Join us as we review all the games on the SNES Classic Mini Edition in chronological order!
It's been over 25 years since The Legend of Zelda: A Link to the Past came to the Super Nintendo. That's two decades and some change. Five console generations. A quarter of a century – and I've still yet to play another game with an opening scene that's half as intense.
Whenever I start a new game of Link to the Past, I never rush through its first moments. Zelda's ominous, telepathic message to Link pairs up beautifully with the storm rumbling outside the cabin he shares with his uncle. Link's uncle, likewise sensitive to Zelda's mental pleas, sets out into the monsoon with a final warning to his nephew: Don't leave the house.
Luckily, the old man can't tell you what to do. He's not your REAL dad.
Link plops out of bed, grabs the lantern stowed beside the table, and charges into the belly of the storm. And that's the opening minute of the best Legend of Zelda game of all time.
It's never easy to rank Zelda titles, mind you. There's always some biting and scratching over the top three spots, which are typically reserved for A Link to the Past, Ocarina of Time, and Majora's Mask (I'm curious to see where Breath of the Wild falls in the next decade).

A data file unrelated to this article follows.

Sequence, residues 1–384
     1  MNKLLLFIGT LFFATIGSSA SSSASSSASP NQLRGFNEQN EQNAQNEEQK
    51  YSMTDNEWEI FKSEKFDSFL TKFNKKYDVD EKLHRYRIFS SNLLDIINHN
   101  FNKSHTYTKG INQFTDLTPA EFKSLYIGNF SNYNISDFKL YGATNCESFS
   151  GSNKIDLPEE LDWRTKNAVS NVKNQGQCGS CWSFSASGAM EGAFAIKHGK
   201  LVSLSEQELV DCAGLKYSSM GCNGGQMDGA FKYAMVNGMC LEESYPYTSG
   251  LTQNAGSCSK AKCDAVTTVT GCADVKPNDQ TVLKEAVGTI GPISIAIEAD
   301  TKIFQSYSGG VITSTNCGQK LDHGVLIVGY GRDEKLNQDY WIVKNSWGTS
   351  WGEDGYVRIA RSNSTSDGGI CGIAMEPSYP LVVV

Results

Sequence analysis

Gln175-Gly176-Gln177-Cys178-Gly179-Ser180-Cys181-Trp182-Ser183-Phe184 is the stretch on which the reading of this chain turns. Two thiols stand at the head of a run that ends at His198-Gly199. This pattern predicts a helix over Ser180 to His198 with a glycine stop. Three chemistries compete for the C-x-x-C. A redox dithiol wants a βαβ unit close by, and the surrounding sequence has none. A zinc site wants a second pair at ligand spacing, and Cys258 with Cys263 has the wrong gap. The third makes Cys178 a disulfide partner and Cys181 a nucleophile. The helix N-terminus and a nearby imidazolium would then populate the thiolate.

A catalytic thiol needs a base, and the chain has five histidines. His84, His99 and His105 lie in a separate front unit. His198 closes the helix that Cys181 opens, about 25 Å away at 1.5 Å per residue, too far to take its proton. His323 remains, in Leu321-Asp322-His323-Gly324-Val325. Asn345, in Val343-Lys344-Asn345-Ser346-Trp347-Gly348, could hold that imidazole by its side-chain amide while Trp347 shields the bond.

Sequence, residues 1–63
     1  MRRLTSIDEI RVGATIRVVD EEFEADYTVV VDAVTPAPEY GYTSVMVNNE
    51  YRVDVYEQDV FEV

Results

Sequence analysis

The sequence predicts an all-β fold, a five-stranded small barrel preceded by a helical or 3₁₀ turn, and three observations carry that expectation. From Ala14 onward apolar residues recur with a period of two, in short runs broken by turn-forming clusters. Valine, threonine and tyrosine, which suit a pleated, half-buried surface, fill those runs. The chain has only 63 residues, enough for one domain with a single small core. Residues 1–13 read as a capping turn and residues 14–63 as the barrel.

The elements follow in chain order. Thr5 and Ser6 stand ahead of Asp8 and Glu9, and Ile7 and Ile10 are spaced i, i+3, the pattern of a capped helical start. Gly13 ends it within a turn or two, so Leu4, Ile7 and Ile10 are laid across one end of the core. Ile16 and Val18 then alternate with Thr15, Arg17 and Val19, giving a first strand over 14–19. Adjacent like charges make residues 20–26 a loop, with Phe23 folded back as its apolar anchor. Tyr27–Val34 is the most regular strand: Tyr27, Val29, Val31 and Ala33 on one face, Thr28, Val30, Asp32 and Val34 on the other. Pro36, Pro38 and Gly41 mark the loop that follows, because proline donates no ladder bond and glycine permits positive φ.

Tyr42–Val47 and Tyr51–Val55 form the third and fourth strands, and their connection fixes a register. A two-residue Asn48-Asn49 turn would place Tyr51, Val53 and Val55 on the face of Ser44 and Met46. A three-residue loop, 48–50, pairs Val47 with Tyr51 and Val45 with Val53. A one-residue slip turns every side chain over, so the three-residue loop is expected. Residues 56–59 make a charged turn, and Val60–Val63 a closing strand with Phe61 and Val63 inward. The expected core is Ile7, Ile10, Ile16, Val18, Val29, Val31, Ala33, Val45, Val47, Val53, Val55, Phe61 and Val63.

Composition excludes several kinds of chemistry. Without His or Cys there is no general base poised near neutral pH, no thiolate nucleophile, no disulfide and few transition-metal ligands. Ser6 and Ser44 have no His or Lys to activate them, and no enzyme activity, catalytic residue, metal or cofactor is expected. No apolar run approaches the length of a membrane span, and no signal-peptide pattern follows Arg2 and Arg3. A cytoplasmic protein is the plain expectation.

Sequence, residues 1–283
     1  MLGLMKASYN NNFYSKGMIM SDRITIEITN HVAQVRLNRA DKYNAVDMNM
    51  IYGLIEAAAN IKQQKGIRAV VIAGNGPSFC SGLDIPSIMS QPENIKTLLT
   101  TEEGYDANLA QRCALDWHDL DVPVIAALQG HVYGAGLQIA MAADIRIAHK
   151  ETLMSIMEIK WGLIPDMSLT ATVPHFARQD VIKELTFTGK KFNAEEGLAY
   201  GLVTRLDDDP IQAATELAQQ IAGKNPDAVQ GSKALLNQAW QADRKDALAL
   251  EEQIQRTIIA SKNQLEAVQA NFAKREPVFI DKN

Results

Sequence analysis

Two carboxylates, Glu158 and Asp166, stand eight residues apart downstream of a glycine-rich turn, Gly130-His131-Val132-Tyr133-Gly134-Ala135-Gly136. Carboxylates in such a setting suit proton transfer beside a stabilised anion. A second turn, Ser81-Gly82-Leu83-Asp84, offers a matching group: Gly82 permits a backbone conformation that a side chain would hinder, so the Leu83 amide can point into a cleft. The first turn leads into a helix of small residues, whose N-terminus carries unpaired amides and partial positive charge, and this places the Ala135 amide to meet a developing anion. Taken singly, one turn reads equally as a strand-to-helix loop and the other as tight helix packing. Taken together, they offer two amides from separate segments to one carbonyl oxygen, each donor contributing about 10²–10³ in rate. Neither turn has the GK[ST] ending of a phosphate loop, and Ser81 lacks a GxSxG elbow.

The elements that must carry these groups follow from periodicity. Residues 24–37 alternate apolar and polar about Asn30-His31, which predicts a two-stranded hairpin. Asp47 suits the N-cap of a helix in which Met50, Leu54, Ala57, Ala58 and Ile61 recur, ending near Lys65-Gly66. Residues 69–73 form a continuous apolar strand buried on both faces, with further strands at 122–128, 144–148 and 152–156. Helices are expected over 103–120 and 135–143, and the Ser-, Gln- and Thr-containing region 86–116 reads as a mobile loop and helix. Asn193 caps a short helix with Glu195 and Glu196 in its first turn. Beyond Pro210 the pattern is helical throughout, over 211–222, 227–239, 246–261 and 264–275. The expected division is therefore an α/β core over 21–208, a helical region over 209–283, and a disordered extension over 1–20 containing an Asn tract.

Link to the Past is inarguably a near-perfect specimen of game evolution, though. The first Zelda game for the NES forms the core of its DNA, which is a great start. Then it adds layers to its story, gameplay, graphics, and sound until it blossoms into one of the best action-adventure games of all time.
Though later Zelda games offer cooler items, better combat, trickier dungeons, and more imaginative enemies, I've yet to play another title in the series that's as well-paced as A Link to the Past. There's no trace of the slow start that 3D Zelda games became infamous for (a flaw Breath of the Wild rectified, thankfully). The aforementioned storm at the beginning of the adventure spurs you towards Princess Zelda, whom you rescue in the first hour of your adventure. The heaviness of Link's very first task is a notable switch from The Legend of Zelda and Zelda II, which make princess-saving Link's end goal.